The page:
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Gage Gubrud leads the pack so far for Eagles

Eastern Washington quarterback Gage Gubrud is the front-runner - so far. (Dan Pelle / The Spokesman-Review)
Eastern Washington quarterback Gage Gubrud is the front-runner - so far. (Dan Pelle / The Spokesman-Review) Buy this photo

Quarterback Gage Gubrud was the first one out of the Eastern Washington lockerroom Monday morning.

All the better to stay ahead of the pack.

“Actually, I’m just trying to get better every day and make every minute count,” Gubrud said.

Then again, so are Reilly Hennessey and Jordan West, who were on Gubrud’s heels a few seconds later. In fact, they figure to be right behind him all the way to the season opener at Washington State on Sept. 3.

The Eagles are no strangers to quarterback controversies. Four years ago, coach Beau Baldwin juggled the varied talents of Kyle Padron and Vernon Adams Jr. all the way to a Big Sky Conference title and within three points of a berth in the national title game.

However, this year’s three-headed affair has Eagle fans looking on with keen interest. They’ll get an up-close look during Saturday’s scrimmage at Roos Field, which coach Beau Baldwin promises to “pit the best against the best.”

At the same time, Baldwin said the scrimmage “won’t be the sole determinant” of the starter on Sept. 3. As Baldwin has said since the end of spring, Gubrud would start if the season began today.

But the WSU game is 17 days away, leaving the door ajar for West and Hennessey. In fact, the current depth chart lists all three as equals.

“Every day they continue to compete,” Baldwin said. “We’re going with the player who gives us the best chance to win. We can win games with any one of those guys, and I’ve had that situation very seldom.”

The situation has changed dramatically in less than a year. West took the reins last fall following the early departure of Adams, and for almost half of the season was one of the top-rated quarterbacks in the Football Championship Subdivision.

However, the Eagle offense stagnated late in the season, culminating in the 57-16 disaster at Montana in which all three saw action.

The competition was rejoined last spring. Gubrud, a 6-foot-2, 195-pound redshirt sophomore from McMinnville, Oregon, moved to the fore because of his mobility. Indeed, Gubrud’s speed seemed to keep the Eagle defense off-balance on many occasions.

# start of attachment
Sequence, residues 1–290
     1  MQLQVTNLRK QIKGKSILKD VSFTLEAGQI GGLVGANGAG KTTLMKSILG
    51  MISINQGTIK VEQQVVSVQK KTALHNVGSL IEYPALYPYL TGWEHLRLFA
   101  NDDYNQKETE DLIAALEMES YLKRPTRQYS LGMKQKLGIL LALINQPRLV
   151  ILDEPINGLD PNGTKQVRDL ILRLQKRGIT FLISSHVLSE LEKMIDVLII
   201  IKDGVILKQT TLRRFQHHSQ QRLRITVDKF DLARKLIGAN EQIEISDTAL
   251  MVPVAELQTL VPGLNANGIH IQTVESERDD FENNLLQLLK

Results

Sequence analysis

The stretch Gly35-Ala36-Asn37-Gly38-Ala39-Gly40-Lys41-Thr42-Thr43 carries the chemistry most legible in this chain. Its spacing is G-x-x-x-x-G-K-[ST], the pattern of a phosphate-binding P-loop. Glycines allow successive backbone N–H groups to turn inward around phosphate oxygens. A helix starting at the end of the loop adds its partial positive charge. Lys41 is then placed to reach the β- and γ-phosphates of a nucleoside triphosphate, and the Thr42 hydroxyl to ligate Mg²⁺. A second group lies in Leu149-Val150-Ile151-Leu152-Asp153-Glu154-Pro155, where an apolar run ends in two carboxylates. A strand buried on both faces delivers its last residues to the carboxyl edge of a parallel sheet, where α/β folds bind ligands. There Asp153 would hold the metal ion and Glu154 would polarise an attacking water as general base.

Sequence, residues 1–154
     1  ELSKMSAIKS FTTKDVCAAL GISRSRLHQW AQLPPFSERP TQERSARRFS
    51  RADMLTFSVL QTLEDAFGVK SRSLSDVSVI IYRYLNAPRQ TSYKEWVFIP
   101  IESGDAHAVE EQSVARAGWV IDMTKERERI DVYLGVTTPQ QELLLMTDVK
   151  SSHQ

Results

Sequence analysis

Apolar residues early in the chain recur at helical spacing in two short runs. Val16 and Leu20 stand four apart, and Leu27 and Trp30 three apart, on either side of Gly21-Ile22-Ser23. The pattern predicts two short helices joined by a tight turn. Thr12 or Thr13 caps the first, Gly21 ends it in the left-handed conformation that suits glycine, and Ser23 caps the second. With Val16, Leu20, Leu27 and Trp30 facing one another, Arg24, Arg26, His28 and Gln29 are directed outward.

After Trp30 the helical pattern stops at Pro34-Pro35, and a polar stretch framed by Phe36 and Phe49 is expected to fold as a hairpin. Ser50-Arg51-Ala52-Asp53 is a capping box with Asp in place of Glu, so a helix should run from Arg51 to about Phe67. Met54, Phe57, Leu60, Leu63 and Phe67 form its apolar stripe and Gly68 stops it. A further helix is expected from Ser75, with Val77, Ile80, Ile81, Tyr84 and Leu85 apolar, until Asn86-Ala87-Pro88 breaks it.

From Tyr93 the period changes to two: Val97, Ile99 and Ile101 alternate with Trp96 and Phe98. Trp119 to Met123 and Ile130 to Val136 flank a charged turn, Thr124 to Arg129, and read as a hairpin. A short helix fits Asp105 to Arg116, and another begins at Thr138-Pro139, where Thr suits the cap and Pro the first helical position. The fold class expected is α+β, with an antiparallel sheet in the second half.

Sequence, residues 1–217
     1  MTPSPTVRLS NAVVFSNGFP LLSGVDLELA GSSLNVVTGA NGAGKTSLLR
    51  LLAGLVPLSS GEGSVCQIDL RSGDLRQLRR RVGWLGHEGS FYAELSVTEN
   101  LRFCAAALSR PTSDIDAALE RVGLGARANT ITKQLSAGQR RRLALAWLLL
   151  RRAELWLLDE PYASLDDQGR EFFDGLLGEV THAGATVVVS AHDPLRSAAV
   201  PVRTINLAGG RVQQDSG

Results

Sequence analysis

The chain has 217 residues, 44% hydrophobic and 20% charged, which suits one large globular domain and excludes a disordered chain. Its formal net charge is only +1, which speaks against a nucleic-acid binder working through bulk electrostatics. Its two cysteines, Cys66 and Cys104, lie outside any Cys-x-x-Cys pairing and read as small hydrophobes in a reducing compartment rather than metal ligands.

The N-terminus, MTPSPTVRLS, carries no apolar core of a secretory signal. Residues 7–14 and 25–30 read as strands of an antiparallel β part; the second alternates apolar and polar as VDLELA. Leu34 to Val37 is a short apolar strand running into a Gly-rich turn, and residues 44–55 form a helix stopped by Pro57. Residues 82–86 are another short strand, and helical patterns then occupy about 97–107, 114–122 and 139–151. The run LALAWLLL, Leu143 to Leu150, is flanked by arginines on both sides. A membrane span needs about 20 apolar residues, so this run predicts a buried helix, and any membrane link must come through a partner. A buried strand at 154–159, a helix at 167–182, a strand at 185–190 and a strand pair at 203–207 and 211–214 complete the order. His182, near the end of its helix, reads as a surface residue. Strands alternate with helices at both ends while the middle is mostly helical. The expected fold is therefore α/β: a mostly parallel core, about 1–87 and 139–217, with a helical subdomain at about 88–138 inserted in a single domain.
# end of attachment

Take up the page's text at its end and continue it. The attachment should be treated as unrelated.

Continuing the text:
However, Gubrud lacks game experience. His stat line last year: 7-for-13 for 66 yards. That’s one reason he’s getting most of the first-unit reps at practice.

“I’m getting a good command of what’s going on,” said Gubrud, who admits that he still needs to work on staying put in the pocket.

“It’s always good to get more reps, but it’s second-nature now … I don’t have to think as much,” Gubrud said.

That’s partly attributable to the streamlined system installed last spring by Baldwin and new passing game coordinator Troy Taylor.

Says Baldwin: “It’s less about what we’re doing and more about how we operate between plays that takes things off the QB and allows him to do less communication.”

For Hennessey, that means more time on fundamentals and “using good technique and being good with our eys and quick with our feet.”

Hennessey, a 6-3, 200-pound sophomore from Camas, Washington, showed promise in relief of West in the season-opening loss at Oregon.

However, an ankle injury the next week at Northern Iowa cost him half the season. He finished 59-for-91 for 773 yards, four TDs and three picks.

Meanwhile, West is trying to reclaim the spot he held a year ago. His final stats (230-for-356, for 3,002 yards, 30 TDs and just eight picks), were impressive, but opposing defenses seemed to confuse West late in the season: he was 39 for 84 in his last three games and didn’t play in the season-ending loss to Portland State.

West, a 6-4 senior from Maple Valley, Washington, got the message from watching Gubrud. He lost 10 pounds in the off-season and said he’s more mobile than ever.

Notes: EWU will practice beginning Wednesday at Roos Field. Saturday’s scrimmage will begin at about 9:45 a.m.

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